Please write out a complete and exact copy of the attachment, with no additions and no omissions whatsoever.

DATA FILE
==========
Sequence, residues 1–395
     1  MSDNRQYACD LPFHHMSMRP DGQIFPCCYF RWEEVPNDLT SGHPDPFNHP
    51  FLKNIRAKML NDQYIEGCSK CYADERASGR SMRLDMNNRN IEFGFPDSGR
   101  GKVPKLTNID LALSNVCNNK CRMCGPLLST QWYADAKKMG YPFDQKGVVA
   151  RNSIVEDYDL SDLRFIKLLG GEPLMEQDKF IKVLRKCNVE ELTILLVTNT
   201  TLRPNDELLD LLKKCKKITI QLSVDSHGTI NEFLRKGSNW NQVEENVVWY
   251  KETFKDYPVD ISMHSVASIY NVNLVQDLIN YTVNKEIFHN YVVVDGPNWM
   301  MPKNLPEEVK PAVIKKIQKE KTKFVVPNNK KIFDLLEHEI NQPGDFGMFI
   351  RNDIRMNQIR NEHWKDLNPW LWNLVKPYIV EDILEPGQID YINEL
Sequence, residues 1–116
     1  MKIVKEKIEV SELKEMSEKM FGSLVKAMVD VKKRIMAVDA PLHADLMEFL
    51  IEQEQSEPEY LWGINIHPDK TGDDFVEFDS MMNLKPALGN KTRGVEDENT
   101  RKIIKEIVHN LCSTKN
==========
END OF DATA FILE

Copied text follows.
Sequence, residues 1–395
     1  MSDNRQYACD LPFHHMSMRP DGQIFPCCYF RWEEVPNDLT SGHPDPFNHP
    51  FLKNIRAKML NDQYIEGCSK CYADERASGR SMRLDMNNRN IEFGFPDSGR
   101  GKVPKLTNID LALSNVCNNK CRMCGPLLST QWYADAKKMG YPFDQKGVVA
   151  RNSIVEDYDL SDLRFIKLLG GEPLMEQDKF IKVLRKCNVE ELTILLVTNT
   201  TLRPNDELLD LLKKCKKITI QLSVDSHGTI NEFLRKGSNW NQVEENVVWY
   251  KETFKDYPVD ISMHSVASIY NVNLVQDLIN YTVNKEIFHN YVVVDGPNWM
   301  MPKNLPEEVK PAVIKKIQKE KTKFVVPNNK KIFDLLEHEI NQPGDFGMFI
   351  RNDIRMNQIR NEHWKDLNPW LWNLVKPYIV EDILEPGQID YINEL
Sequence, residues 1–116
     1  MKIVKEKIEV SELKEMSEKM FGSLVKAMVD VKKRIMAVDA PLHADLMEFL
    51  IEQEQSEPEY LWGINIHPDK TGDDFVEFDS MMNLKPALGN KTRGVEDENT
   101  RKIIKEIVHN LCSTKN